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Clark Atlanta University (CAU) Professor Lauded In New Publication For Contributions To Mathematics Field

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  • Date: 8/28/2014
  • Author: Office of Marketing and Communications
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ATLANTA (Aug. 28, 2014) — Ronald E. Mickens, Ph.D., Distinguished Callaway Professor of Physics at Clark Atlanta University (CAU), has been honored for the occasion of his 70th birthday by the publication of a research monogram, “Mathematics of Continuous and Discrete Dynamical Systems,” Volume 618 in the Contemporary Mathematics Series from the American Mathematical Society (July 2014).  The volume comprises a series of papers inspired by Mickens’ research or extensions thereof.

Mickens, who turned 70 in 2013, has made numerous, stellar contributions in the mathematical sciences, particularly in the areas of computational mathematics and nonlinear oscillations.  The volume is a collection of 15 papers, some containing new results and methods, as well as a collection of open problems to shape the direction of future work in these areas.  The papers were presented in two American Mathematical Society (AMS) symposia convened in January 2013 to celebrate Mickens’ birthday.

Of this honor, Mickens said, “Research is done not only for its aesthetic and intellectual significance, but also for its intrinsic value to others in their work.  This book illustrates the impact of one of my research activities, and I thank my colleagues and friends who have used and generalized my results.  I am honored and humbled by this gesture, an affirmation of my life’s work.”

Ronald Elbert Mickens received the bachelor’s degree in physics from Fisk University (1964) and a Ph.D. degree in theoretical physics from Vanderbilt University (1968).  He held post-doctoral positions at the MIT Center for Theoretical Physics (1968–1970), Vanderbilt University (1980–1981) and the Joint Institute for Laboratory Astrophysics (1981–1982).  He was professor of physics at Fisk University from 1970–1981.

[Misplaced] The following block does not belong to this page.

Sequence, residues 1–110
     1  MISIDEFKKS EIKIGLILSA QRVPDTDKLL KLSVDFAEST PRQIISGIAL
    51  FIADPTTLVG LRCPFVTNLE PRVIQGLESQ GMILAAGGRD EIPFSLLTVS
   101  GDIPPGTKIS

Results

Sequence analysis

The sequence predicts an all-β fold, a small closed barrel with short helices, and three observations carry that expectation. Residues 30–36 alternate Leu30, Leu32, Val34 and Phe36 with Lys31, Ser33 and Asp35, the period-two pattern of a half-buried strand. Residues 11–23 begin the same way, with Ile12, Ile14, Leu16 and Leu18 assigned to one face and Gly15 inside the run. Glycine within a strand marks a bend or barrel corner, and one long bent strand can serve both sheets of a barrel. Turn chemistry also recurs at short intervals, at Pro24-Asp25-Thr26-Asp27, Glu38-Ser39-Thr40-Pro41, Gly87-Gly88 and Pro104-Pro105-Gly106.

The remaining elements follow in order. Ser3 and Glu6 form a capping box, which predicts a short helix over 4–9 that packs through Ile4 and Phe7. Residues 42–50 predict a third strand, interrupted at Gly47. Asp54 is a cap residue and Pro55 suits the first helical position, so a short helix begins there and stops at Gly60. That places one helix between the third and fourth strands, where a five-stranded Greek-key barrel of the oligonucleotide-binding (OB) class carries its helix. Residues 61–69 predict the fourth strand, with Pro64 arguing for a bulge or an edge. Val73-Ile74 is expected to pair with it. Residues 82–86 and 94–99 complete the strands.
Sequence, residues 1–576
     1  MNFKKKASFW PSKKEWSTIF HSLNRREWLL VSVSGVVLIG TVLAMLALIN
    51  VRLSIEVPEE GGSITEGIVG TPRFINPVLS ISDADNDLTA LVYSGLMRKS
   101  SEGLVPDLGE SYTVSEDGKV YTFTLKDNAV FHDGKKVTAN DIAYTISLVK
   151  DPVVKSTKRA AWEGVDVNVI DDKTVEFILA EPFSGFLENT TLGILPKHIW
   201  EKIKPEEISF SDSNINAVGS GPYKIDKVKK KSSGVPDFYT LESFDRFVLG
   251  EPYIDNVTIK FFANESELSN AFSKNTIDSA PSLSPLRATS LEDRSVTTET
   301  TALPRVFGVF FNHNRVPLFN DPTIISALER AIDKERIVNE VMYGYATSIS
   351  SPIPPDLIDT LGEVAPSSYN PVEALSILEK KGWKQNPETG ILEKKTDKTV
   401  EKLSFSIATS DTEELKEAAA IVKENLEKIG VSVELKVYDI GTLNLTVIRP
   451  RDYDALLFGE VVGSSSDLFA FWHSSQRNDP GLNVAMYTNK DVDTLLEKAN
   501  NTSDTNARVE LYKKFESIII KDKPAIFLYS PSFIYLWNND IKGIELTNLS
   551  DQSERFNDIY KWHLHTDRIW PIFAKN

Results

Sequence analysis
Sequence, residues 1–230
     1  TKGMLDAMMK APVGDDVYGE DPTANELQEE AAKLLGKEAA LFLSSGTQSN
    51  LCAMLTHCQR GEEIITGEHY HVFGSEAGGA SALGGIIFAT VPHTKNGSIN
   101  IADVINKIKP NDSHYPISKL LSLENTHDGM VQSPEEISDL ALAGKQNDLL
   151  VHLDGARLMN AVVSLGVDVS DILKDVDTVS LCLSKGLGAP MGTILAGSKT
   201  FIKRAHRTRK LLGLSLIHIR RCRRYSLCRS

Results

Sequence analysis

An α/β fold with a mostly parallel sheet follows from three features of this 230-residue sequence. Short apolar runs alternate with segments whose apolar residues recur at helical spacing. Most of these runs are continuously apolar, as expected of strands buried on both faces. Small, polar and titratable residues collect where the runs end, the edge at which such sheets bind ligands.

Mickens began his tenure at CAU’s parent institution Atlanta University in 1982.  His research includes nonlinear oscillations, asymptotic methods for difference and differential equations, numerical integration of differential equations, the mathematical modeling of periodic diseases, and the history/sociology of African-Americans in science.

Mickens has published more than 300 peer-reviewed scientific/mathematical research articles and written and/or edited 15 books.  He serves on editorial boards of several research journals, including the Journal of Difference Equations and Applications and the International Journal of Evolution Equations.  His scholarly writings have appeared in reference works such as African American Lives (Oxford University Press), American National Biography (Oxford University Press), and Biographical Encyclopedia of Scientists (Marshall Cavendish).

His honors include fellowships from the Ford, Woodrow Wilson, and National Science Foundations and election to Phi Beta Kappa (1964).  During 1998–1999, he was an American Physical Society (APS) Centennial speaker (as part of the activities to celebrate the 100th anniversary of the founding of the APS).  He also served as a distinguished national lecturer for Sigma Xi, The Scientific Research Society for 2000–2002.

  His professional memberships include the American Association for the Advancement of Science, the American Physical Society (for which he is an elected Fellow), the History of Science Society, the Society for Mathematical Biology, and the American Mathematical Society.

A multi-hour interview with professor Mickens is posted at the website:  This interview covers a variety of issues related to his family life, career and scientific contributions.  The Amistad Research Center and Tulane University house a large collection of his personal and scientific correspondence.